Our runner nutrition blog continues with the second in a series from Jenna Becker MS, RD, CLT, CISSN, PES, CES.
Continuing on with the nutrition periodization concept, remember your goal is to vary your nutrition plan including the types and amounts of foods, based on the volume and intensity of your training cycle. You’ll also want to keep your body composition goals in mind.
When you first start out training, intensity is likely lower and will gradually increase as you transition to competition training. During this phase of training:
If weight loss is one of your goals, this is the time for that. Cutting back on your calories and carbohydrates later during intense training is not a good idea for performance or overall health.
Picture a plate each time you eat, and divide it up accordingly based on your needs. As a starting point, the majority of your plate should be vegetables and fruits, with lean proteins and healthy fats making up the next major portion; whole grains should fill in the rest.
For weight loss and/or to improve metabolic efficiency, stick with mostly lean proteins, healthy fats, and vegetables and fruits; with a limited amount of whole grains. For weight gain, you can switch out some of your fruits and vegetables for whole grains, as these will provide a greater amount of calories and carbohydrates.
Similarly, as your training volume and intensity varies from day to day within this cycle, vary the specific amounts of lean protein/healthy fats, vegetables/fruits, and whole grains you have. The greater your training load, the more calories and carbohydrates you will need.
It may take some trial and error, but your goal is to try and listen to your internal satiety cues (i.e.: hunger and fullness) to alter the ratio of proteins, fats, and carbohydrates you eat to find what works best for blood sugar and appetite control. Unless you’ve had an incredibly intense, high volume training session, the right combination of foods will have you eating about every 3 hours.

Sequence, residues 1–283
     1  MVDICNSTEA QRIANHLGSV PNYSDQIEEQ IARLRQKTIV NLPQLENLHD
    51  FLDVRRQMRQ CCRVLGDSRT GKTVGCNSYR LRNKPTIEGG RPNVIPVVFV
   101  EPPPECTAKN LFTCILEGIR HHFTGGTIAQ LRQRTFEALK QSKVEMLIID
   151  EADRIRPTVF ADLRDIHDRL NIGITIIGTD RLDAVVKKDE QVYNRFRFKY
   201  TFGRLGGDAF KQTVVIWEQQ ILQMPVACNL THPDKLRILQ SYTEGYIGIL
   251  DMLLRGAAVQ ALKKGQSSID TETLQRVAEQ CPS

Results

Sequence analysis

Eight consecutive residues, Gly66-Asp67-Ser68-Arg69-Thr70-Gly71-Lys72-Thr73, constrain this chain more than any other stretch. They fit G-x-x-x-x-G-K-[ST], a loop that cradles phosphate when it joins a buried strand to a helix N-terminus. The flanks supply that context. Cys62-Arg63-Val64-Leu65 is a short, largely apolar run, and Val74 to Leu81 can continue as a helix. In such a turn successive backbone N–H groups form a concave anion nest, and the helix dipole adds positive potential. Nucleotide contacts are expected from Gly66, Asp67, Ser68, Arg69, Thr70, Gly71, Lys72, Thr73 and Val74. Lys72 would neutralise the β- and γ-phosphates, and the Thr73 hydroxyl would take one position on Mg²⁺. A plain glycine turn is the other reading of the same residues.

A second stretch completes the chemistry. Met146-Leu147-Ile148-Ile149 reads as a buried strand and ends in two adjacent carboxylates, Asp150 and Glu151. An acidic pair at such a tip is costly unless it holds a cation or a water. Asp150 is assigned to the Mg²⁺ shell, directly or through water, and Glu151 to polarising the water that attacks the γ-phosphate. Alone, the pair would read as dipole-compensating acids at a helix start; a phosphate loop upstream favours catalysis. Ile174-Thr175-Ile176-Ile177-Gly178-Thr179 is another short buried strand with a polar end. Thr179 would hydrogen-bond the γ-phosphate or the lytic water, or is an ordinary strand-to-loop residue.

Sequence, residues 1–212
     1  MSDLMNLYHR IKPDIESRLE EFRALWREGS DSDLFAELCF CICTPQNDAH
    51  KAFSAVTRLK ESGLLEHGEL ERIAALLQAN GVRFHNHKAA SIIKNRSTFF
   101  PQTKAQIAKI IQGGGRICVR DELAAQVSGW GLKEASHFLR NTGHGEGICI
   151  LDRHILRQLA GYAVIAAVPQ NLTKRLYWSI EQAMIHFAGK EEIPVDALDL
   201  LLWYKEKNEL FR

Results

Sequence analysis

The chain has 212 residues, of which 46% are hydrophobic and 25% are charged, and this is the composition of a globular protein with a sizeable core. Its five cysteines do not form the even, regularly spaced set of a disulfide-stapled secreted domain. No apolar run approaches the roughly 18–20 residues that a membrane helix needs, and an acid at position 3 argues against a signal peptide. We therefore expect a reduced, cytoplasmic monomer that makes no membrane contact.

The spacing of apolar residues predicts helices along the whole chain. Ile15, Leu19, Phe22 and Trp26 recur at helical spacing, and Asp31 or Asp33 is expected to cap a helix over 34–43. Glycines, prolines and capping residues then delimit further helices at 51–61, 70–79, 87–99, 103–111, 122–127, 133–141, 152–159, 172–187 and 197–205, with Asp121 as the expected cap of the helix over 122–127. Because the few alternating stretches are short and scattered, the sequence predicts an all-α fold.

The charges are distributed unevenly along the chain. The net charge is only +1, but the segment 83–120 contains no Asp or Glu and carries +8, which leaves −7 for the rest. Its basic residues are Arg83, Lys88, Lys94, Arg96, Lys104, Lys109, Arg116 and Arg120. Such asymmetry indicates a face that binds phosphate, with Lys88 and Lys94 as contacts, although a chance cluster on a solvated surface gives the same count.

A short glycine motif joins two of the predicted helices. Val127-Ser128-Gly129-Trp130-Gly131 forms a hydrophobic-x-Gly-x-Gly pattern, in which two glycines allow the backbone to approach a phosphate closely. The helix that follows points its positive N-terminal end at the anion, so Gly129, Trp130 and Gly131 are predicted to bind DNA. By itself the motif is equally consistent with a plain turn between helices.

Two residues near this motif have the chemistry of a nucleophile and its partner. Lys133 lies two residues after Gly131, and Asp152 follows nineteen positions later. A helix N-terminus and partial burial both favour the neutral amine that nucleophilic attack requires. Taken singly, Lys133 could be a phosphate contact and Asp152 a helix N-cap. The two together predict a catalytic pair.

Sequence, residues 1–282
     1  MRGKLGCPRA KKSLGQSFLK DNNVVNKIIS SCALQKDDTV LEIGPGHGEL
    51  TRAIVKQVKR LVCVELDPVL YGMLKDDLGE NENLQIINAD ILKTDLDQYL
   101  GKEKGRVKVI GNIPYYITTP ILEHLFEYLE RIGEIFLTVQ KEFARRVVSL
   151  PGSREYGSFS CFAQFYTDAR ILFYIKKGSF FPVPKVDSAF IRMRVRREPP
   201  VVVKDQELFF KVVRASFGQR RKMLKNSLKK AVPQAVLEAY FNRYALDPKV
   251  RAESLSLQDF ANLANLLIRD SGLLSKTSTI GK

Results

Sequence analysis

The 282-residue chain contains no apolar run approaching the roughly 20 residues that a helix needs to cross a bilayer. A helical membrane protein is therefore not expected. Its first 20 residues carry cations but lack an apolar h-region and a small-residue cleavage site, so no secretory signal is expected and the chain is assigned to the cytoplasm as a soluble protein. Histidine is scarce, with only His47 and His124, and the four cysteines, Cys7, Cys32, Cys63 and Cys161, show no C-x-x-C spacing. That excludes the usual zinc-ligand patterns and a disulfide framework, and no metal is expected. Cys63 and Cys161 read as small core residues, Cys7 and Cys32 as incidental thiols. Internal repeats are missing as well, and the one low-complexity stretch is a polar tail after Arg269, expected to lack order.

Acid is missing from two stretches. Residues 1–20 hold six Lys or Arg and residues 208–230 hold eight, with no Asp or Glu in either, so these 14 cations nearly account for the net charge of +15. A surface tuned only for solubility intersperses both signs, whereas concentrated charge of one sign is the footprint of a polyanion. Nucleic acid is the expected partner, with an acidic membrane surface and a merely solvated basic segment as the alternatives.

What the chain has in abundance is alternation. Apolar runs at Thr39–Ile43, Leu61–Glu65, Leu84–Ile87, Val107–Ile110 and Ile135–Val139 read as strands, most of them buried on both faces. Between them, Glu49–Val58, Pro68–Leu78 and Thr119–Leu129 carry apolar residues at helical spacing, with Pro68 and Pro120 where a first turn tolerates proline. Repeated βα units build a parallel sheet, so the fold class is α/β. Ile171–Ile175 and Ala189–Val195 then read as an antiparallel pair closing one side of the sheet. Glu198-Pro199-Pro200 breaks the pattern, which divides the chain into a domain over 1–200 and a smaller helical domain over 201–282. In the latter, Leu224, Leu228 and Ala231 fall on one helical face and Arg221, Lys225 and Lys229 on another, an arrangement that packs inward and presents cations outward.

Experiment. Try out new foods now to see how your body responds before, during, and after workouts. This information will be very helpful later on in your training.
Metabolic efficiency. Teach the body to use more of its copious fat stores while preserving your very limited carbohydrate stores. This can only help your performance as training progresses. Follow the tips above, keeping your blood sugar balanced and insulin under control, and eat based on your training. Visit www.fuel4mance.com to understand this concept better, from expert Sport Dietitian Bob Seebohar, MS, RD, CSSD, CSCS.
Don’t forget to hydrate! Monitor your hydration status using color and frequency. Your urine should be pale yellow, and you should be urinating about every 2-3 hours.
While I will always promote listening to your body’s own regulatory cues of hunger and fullness to determine when, exactly what, and how much to eat, for those of you who like hard numbers (keeping in mind 1 kg = 2.2 lb):
- Carbohydrates: 5-7 g/kg, or 3-4 g/kg if weight loss is desired
- Protein: 1.2-2.0 g/kg, or 2.0-2.5 g/kg for weight loss
- Fat: 0.9-1.3 g/kg, or 0.8-1.3 g/kg for weight loss
Stay tuned for nutrition tips for your competition cycle…
To contact Jenna or inquire about specific individualized programs,
call (909)731-9936 or email email@example.com.